As part of the transaction, Cytomyx has entered into a strategic collaboration under which it will gain access to the Ardais System, a suite of software applications, operating procedures, proprietary supplies, and data standards that integrate biorepository operations at multiple geographic sites.

Genstruct Extends its PathArt License

Jubilant Biosys said last week that Genstruct has extended its license to Jubilant’s PathArt database.

Genstruct has been using the database for more than a year.

Financial terms of the agreement were not disclosed.

Advanced Biological Laboratories Licenses Stanford HIVdb Algorithm

Advance Biological Laboratories said last week that it has signed a license agreement to use Stanford University’s HIVdb resistance interpretation algorithm in its ViroScore HIV report, which enables physicians to select the best therapy for an HIV patient based on past and current resistance to HIV drugs.

ABL sells the resistance interpretation platform to diagnostic companies, HIV researchers, and individual physicians treating HIV.

The ViroScore suite of tools includes a database for storing genetic sequence data, analysis tools for reporting on the relationships between clinical outcomes and virus mutations, phylogenetic analysis of sequence groups, and numerous tools to assist physicians and researchers with complex genetic data.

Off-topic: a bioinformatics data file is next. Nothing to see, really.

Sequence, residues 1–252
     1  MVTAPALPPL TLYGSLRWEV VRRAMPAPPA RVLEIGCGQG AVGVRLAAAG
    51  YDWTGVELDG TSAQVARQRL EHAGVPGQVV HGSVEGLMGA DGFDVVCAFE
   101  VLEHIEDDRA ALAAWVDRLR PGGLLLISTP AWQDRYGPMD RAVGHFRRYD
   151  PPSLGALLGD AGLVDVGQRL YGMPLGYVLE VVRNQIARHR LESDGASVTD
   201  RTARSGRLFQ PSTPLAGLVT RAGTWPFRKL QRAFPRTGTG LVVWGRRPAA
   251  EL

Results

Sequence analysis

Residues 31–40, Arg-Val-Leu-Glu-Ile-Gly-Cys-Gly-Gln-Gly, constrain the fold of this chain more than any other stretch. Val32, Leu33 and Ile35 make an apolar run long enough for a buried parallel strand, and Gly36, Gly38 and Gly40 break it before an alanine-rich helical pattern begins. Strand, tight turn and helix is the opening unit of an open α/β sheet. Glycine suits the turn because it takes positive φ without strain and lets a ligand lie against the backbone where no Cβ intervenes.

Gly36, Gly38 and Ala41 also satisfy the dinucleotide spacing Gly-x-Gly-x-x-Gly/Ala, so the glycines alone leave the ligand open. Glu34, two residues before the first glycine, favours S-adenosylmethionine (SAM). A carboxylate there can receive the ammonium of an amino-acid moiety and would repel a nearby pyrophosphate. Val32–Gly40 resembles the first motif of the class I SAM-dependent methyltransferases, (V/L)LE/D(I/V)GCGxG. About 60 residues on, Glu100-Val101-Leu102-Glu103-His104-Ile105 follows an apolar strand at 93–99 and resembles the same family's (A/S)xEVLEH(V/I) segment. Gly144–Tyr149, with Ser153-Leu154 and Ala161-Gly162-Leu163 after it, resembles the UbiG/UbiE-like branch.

Elsevier Plans to Deliver Electronic Lab Notebook in 2006

Elsevier MDL said last week that it has launched “a dedicated, phased program” to build an enterprise-strength electronic laboratory notebook for the life sciences, built on its Isentris technology.

The company said the system would be ready for delivery in 2006.

Elsevier said it is “interested in working with customers to identify specific requirements for the new-generation [electronic laboratory notebook]. Research organizations with an interest in defining and validating these requirements should contact an Elsevier MDL account manager.”

Filed under

The Scan

Genetic Risk Factors for Hypertension Can Help Identify Those at Risk for Cardiovascular Disease

Genetically predicted high blood pressure risk is also associated with increased cardiovascular disease risk, a new JAMA Cardiology study says.

Circulating Tumor DNA Linked to Post-Treatment Relapse in Breast Cancer

Post-treatment detection of circulating tumor DNA may identify breast cancer patients who are more likely to relapse, a new JCO Precision Oncology study finds.

Genetics Influence Level of Depression Tied to Trauma Exposure, Study Finds

Researchers examine the interplay of trauma, genetics, and major depressive disorder in JAMA Psychiatry.

UCLA Team Reports Cost-Effective Liquid Biopsy Approach for Cancer Detection

The researchers report in Nature Communications that their liquid biopsy approach has high specificity in detecting all- and early-stage cancers.